March 31st, 2007, 02:18 PM
I am wanting to become a foster home for dogs in the future. I want my own dog to be older first. To anyone else that fosters dogs... what kind of requirements must be met? I don't mind the added costs for food, vet, dog training etc. We don't have a yard, but spend lots of time outside with our dog in areas close by. I know I couldn't adopt a dog from the spca because I don't have a fenced in yard, but what about other independent rescues? Do most prefer dogs to go to larger homes with lots of open yard space?
April 1st, 2007, 02:44 AM
Do most prefer dogs to go to larger homes with lots of open yard space?
Yes , but I know fosters who live in appartements. Rescues are always looking for foster families. The important thing is to be dedicated. If you take good care of your dog , and would do the same for a foster dog, I don't see why you shouldn't foster. And for the expenses, it depends on the rescues. Usually you pay for food and toys, rescue will pay for vet care.
April 5th, 2007, 11:46 PM
If you aren't ready to foster yet, you can start getting prepared by looking for sales on dog toys, bedding, etc for when you are ready.
You can help now by: donating bleach, food, treats or other supplies to a local rescue. Garage sales and estate sales are also great places to look for unwanted pet supplies that may be used.
I don't know what the laws are in your area, but you can also look on the roadside on garbage day. I usually will go to the door and ask if I can take the item and tell them what it is for. No one has said no yet.
Good luck and welcome to fostering!
April 6th, 2007, 01:52 PM
I do fostering for a rescue . Fostering can be full of suprises and rewarding!.The most difficult thing for me is being able to let go of the dog, sometimes the stay for awhile a you get attached to them, that makes it hard! Most of the time the dogs/cats come from a not so positive enviroment, so you watch the dog/cat grow from a terrified animal into a WOW this is what life is suppose to be like!It's amazing to watch them go through this transition.
A good rescue group always supplies the food and all vet care needed. Most of the time dogs are vaccinated /dewormed before even being placed into a foster home.
You provide the love, and your time at the adoption clinics,training ect... But it's all worth it in the end.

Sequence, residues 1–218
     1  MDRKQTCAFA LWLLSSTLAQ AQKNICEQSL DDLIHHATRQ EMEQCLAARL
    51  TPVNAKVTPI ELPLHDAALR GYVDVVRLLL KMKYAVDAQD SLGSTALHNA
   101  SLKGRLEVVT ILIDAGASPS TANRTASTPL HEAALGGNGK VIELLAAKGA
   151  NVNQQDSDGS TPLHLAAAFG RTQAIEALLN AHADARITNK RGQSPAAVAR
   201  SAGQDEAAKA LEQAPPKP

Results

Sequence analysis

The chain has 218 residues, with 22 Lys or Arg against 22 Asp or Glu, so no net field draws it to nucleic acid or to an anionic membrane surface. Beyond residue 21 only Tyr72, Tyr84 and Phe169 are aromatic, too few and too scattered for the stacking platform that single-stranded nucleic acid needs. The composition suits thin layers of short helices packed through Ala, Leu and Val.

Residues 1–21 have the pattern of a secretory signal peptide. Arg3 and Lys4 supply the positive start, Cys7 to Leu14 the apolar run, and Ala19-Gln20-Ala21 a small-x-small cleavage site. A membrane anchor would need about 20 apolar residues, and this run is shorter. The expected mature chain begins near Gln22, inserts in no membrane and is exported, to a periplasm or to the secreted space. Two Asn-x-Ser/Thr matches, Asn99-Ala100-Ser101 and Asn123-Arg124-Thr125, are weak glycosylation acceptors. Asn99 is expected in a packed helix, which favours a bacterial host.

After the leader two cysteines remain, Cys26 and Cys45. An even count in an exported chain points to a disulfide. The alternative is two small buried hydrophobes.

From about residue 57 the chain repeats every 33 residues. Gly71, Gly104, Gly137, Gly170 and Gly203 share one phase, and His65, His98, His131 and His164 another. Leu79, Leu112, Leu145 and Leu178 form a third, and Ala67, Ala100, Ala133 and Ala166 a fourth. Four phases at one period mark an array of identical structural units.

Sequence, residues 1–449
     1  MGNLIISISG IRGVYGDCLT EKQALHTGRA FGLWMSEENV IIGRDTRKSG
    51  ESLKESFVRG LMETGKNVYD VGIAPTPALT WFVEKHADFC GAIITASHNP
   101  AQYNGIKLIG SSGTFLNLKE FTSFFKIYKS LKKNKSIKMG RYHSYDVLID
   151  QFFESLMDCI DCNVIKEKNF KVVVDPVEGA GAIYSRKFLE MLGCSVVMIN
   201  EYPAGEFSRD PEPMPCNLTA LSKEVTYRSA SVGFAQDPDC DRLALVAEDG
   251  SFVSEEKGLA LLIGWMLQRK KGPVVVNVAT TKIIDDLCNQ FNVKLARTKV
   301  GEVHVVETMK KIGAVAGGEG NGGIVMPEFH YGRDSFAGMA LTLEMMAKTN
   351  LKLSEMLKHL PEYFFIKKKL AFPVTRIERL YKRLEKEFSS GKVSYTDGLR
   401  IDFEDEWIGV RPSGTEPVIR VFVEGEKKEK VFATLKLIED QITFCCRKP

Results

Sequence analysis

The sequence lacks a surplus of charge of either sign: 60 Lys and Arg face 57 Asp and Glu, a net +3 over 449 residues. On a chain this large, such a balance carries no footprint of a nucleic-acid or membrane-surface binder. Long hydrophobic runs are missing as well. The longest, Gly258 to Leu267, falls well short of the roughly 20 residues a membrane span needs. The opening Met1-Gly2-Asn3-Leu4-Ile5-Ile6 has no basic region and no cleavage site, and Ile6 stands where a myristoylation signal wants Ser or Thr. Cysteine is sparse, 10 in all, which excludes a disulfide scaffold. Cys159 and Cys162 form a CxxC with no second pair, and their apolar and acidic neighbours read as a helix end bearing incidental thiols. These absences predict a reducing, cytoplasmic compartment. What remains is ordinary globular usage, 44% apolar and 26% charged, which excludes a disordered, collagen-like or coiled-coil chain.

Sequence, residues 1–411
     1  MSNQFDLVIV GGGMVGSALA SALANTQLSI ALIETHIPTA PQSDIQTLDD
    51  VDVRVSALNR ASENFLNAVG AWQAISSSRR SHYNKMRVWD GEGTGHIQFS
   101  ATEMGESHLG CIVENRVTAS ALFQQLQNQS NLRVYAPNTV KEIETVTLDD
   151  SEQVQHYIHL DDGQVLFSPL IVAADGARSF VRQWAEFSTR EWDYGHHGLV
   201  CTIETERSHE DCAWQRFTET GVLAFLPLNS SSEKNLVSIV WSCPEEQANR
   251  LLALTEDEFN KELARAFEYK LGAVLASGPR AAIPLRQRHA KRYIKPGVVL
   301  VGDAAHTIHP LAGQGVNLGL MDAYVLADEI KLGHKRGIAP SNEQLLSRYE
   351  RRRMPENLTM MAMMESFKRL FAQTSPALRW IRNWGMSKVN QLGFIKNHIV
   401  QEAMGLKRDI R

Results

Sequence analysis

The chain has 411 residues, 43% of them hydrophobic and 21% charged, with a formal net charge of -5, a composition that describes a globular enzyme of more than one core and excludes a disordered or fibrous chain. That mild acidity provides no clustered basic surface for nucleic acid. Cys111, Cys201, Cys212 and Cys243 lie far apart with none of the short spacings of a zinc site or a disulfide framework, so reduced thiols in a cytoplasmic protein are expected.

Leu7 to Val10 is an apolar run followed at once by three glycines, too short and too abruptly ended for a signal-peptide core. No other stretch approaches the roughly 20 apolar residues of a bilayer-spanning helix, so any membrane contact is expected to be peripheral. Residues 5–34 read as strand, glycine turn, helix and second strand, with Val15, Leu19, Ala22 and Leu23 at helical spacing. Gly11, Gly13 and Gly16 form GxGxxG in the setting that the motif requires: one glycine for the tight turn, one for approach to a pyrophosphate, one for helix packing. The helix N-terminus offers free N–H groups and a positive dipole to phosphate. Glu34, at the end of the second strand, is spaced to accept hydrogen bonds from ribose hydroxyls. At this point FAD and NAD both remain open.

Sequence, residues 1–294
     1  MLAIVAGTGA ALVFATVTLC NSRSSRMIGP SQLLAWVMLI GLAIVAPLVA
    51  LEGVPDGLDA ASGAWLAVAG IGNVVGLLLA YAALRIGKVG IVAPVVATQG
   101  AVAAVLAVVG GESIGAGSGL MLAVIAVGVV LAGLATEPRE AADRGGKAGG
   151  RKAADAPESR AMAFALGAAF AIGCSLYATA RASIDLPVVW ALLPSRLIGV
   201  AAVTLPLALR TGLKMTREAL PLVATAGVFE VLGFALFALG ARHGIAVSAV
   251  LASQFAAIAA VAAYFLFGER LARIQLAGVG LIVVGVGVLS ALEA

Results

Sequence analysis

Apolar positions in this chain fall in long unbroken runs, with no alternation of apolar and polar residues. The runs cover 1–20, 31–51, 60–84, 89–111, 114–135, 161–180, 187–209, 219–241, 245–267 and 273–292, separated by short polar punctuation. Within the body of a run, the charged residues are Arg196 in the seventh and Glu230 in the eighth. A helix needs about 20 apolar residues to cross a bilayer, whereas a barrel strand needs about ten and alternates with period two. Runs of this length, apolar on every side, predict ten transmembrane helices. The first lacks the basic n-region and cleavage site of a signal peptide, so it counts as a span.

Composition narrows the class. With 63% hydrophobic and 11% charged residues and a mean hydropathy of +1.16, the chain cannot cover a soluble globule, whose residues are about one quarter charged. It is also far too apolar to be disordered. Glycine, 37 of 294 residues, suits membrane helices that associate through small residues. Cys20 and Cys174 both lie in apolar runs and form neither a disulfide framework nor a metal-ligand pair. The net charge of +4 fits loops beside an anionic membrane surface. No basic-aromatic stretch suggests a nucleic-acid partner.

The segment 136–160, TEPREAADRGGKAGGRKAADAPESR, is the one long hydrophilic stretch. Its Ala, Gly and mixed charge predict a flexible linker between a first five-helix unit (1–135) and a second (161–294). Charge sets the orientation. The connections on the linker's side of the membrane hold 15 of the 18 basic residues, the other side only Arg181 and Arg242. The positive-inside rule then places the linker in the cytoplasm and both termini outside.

If you not sure if you are ready to foster, there are many ways to help out like someone said in a another post. There are rescues such as animatch and the SPCA Monteregie that are always looking to help out with fundraising, cleaning at the shelter, dog walking ,transporting and just going in and spending some time with animals that need some love.
April 9th, 2007, 08:32 PM
Any way that anyone can help animals in need is wonderful, if you are wanting to help contact your local Humane Society, SPCA, different Rescue Groups and find out what they need. They will be so happy to hear from you, and the animals will be forever grateful. :cloud9:
April 9th, 2007, 09:02 PM
I don't think there is anything more rewarding than watching a neglected or abused dog begin to trust and have fun again.
People always ask me how I care for a dog for so long and then let him go. I honestly never thought I could do it but I have many times. Sometimes it is easier to see a dog go but there are other times when it is not. All have left paw prints on my heart.
April 9th, 2007, 09:17 PM
We are thier bridge....from hell the animals have come from....to us the bridge that teaches them love, trust and true loyalty....from us "the bridge" we carry them over to the wonderful forever loving home they should of had in the first place.
The rewards are many, it feels good having animal prints all over our hearts. :cloud9:
April 9th, 2007, 09:23 PM
it feels good having animal prints all over our hearts. :cloud9:
oooohhhh yes it does ! :highfive: